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A new report from The Economist Intelligence Unit details how the COVID-19 pandemic has affected the global price of consumer goods; Los Angeles currently ranks as the 10th most expensive city in the world.
According to the report, the price of 138 goods and services in 130 cities rose by an average of 0.3 points over the past year. Currently, Zurich, Paris and Hong Kong top the list as the most expensive cities in the world, meanwhile, New York is tied with Geneva, accounting for the seventh and eighth place rankings.
The report looked at costs in 10 categories, including recreation, personal care, tobacco, alcohol, domestic help, transport, groceries, household expenses, utilities and clothing. Price changes in those categories occurred due to a variety of variables, including currency volatility, issues with supply chains, taxes and subsidies and shifts in consumer behavior. For example, Tehran’s Worldwide Cost of Living index rose 10 points due to U.S. sanctions. A rise in European currencies against the U.S. dollar led, in part, to price decreases in Africa, North and South America and Eastern Europe, but also led to increases in Western Europe.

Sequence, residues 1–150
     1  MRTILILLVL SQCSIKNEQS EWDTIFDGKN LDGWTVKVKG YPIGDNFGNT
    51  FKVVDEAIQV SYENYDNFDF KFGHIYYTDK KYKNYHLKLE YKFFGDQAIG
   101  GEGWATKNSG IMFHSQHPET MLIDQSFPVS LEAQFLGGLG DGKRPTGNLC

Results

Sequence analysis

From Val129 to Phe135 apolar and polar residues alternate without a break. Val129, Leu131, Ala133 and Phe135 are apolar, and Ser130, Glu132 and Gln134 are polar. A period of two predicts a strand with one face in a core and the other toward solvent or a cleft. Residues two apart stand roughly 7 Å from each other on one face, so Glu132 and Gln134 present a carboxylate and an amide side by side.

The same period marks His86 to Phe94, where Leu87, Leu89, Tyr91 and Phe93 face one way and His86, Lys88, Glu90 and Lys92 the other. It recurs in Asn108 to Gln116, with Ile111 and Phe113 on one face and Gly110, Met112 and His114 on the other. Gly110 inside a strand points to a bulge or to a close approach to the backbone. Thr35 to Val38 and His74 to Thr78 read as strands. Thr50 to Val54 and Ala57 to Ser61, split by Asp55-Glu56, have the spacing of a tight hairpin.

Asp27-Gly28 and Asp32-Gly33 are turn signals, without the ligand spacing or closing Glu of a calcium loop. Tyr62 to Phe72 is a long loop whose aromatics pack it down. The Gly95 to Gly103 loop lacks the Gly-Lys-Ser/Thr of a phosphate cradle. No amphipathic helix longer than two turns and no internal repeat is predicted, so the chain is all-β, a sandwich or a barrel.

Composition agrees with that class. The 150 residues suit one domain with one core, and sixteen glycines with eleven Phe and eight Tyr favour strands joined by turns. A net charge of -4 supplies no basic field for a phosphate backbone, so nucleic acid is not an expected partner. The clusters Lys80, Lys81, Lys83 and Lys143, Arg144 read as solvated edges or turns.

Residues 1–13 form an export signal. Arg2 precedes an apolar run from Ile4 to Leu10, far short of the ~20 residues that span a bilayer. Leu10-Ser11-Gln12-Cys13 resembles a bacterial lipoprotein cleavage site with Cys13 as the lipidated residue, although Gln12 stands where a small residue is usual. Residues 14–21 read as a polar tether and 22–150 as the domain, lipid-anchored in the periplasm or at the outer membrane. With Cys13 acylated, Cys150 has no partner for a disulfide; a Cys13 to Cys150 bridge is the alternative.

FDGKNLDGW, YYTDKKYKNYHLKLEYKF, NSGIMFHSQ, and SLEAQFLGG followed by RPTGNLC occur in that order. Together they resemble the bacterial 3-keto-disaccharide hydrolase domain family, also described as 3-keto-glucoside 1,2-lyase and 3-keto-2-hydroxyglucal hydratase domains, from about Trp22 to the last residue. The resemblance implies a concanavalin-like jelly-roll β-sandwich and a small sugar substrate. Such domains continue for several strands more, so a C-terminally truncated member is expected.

The report found that the largest price increases occurred in tobacco and recreation, while clothing prices saw the biggest drops. That seems pretty obvious if you look at consumer behavior. Why buy new clothes when there’s nowhere to go?
Conversely, the cost of consumer electronics shot up, mostly due to manufacturing issues. When Wuhan shut down, and with it its electronics manufacturing companies, product shortages followed and drove higher prices for laptops and computers. Los Angeles is among the most expensive cities for computers, where the average cost of a personal computer is now $1,601, compared to $1,107 in 2015.
The report expects current trends to continue into 2021, as the global economy probably won’t bounce back to pre-pandemic levels until at least 2022. You can check the report out for yourself here.